Despite fears of global economic collapse or recessions posed in the early months of 2020, shipment volume continues to rise for U.S. imports and port workers are doing everything they can to try to keep up. Asian manufacturing and production factories are working overtime to keep up with demand globally, and U.S. ports have broken all-time records for imports.
Just about every product you can imagine is in high demand right now – electronics, apparel, outdoor gear, home décor and remodeling supplies, tools… the list goes on. And while you may be used to only hearing of congestion at one or two ports, the truth is that every port is being hit hard as all customers are redirecting their cargo in an effort to avoid port traffic jams.
Here are some updates on a few key U.S. ports:
Long Beach/LA Port
Long Beach always seems to make the news. It’s by far the busiest U.S. port, and is always facing some sort of congestion issues. Anyone importing to the U.S. and routing their cargo through Long Beach pretty much assumes delays will be involved in the process.
Well, that streak continues. In March, Long Beach broke their previous record for monthly imports, and just two months later in May, reports have indicated they broke the all-time high monthly import record by moving 907,216 TEU’s in May alone. This record beats the March record by over 66,000 containers.
Interestingly, the surge in movement happening at the Long Beach port is drastically imbalanced between imports and exports. The port saw a year-over-year increase of 0.6% in exports, while they saw a 43% increase in imports.
Experts have attributed the increase in imports to consumer demand rising specifically for goods but not necessarily services. Since the pandemic, the demand for services decreased, but as the economy began opening and home projects came in full swing, the demand for lumber and other goods raised significantly.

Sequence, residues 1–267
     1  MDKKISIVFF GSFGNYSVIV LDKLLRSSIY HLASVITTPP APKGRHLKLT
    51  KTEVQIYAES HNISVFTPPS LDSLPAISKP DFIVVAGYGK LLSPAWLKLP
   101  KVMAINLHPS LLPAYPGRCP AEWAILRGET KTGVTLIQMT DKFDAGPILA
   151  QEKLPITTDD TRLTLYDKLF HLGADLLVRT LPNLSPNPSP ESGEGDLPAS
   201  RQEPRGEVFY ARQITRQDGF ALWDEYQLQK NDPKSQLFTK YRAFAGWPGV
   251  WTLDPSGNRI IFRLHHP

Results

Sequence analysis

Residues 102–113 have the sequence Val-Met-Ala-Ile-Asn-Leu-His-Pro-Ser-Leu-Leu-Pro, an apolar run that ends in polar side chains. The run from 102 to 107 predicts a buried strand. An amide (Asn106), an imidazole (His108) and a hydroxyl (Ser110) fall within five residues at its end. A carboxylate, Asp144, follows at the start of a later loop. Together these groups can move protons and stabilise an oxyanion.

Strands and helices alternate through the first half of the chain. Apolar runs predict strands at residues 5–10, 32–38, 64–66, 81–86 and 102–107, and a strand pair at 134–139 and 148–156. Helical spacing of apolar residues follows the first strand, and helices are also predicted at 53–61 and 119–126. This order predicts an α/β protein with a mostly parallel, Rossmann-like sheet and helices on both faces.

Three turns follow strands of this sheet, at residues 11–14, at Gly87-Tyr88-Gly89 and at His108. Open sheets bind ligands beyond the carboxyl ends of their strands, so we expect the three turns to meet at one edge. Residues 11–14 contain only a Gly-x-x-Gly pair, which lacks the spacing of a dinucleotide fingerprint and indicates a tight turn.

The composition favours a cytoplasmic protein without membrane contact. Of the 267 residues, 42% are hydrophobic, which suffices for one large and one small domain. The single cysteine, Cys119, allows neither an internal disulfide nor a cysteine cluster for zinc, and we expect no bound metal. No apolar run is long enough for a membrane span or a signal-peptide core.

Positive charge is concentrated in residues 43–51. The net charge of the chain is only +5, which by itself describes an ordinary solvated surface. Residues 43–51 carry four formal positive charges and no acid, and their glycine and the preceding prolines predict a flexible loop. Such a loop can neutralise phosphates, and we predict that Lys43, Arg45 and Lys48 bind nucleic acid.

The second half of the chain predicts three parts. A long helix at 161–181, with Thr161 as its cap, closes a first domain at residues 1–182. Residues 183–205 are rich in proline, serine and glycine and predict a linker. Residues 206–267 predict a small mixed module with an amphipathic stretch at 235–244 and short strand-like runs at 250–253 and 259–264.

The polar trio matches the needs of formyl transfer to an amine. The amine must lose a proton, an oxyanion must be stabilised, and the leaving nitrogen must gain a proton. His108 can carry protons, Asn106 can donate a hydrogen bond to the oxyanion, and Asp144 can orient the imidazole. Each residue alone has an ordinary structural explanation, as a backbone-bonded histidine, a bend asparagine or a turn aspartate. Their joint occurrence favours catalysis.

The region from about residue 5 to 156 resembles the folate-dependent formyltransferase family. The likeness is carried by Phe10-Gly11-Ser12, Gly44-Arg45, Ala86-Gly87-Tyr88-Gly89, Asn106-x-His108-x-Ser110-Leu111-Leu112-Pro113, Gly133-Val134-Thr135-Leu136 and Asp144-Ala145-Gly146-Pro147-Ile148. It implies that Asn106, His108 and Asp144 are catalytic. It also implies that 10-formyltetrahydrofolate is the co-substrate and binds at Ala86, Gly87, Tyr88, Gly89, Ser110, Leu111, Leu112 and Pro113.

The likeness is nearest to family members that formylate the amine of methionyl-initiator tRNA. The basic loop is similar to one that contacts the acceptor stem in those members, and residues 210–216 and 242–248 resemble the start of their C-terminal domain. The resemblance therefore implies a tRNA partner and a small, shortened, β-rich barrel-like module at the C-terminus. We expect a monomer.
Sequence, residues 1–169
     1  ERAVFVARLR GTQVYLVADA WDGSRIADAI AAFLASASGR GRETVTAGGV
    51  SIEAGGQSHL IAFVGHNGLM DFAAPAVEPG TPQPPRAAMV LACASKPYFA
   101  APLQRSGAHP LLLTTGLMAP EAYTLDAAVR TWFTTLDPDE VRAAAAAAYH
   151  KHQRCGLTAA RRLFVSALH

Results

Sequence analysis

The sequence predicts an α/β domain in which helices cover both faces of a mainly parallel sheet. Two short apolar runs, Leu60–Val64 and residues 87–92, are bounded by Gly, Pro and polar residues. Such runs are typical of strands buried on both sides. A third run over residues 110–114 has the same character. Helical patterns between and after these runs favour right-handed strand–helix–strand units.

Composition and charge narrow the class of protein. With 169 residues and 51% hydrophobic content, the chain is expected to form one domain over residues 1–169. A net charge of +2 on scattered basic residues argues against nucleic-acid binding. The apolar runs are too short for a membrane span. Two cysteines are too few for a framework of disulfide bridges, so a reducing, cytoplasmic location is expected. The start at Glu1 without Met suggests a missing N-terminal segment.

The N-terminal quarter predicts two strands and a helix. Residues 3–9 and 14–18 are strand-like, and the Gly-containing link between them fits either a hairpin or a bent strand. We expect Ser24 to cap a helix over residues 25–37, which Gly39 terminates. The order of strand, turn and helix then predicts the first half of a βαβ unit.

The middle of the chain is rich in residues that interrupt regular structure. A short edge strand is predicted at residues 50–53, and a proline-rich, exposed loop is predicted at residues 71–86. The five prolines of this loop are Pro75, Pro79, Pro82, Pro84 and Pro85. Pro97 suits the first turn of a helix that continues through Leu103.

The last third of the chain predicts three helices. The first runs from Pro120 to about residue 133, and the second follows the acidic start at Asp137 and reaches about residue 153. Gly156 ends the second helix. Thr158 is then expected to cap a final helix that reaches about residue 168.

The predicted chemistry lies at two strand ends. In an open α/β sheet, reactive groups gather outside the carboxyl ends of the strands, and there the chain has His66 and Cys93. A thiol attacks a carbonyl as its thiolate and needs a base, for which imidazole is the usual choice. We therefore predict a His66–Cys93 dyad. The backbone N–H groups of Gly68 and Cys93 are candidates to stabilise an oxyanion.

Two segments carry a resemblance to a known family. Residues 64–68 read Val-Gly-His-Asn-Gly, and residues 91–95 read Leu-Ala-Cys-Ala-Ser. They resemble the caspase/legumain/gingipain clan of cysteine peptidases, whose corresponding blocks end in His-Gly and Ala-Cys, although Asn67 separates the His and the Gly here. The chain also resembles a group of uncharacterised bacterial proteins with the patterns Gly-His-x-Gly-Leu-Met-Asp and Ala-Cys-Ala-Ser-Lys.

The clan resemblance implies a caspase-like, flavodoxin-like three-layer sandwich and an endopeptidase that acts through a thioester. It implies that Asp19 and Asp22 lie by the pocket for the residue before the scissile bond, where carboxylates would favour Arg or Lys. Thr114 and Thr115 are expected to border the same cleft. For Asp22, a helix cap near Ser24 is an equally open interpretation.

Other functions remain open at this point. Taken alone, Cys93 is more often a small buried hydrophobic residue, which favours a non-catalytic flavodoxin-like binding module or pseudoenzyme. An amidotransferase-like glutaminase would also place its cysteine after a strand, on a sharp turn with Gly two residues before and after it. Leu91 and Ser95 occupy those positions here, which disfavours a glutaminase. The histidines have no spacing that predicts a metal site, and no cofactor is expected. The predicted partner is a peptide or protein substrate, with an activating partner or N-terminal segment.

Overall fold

There’s no reason to assume cargo capacity at Long Beach has capped, as demand will most likely continue to rise throughout 2021.
South Carolina Ports
South Carolina isn’t any exception to the increase in demand. Both exports and imports have increased significantly. South Carolina ports saw a drastic increase of roughly 47% in loaded imports following suit with the rest of the U.S. based ocean ports, as well as experiencing a spike in export volumes of almost 25%.
South Carolina Port officials reported having seen a massive 36% year-over-year increase in imports May of 2021. Of course, this number is being contrasted to May 2020 which was marked by irregularly low import volumes due to early COVID stages, however, the increase in imports at the South Carolina port sets a new record at 230,870 TEU containers.
As you may have guessed, Georgia follows in the footsteps of nearly every other U.S. ocean port in regards to growth and shipment volume. The Port of Savannah reportedly moved 478,620 containers in the month of May, and are currently on course to move more than 5,000,000 containers this fiscal year for the first time ever.
These numbers represent a near 42% increase in shipment volume year-over-year. While port officials initially expected double-digit losses in revenue during 2020, the port has bounced back with record breaking numbers in several months of 2021, and shows no signs of plateauing in activity anytime soon.
Georgia Ports Authority also report a shipment increase of 347% in vehicles and machinery from 14,043 units to 62,873 units year-over-year in May.
If you would like to discuss how these ports affect your shipments, reach out to us, we are happy to discuss your options with you.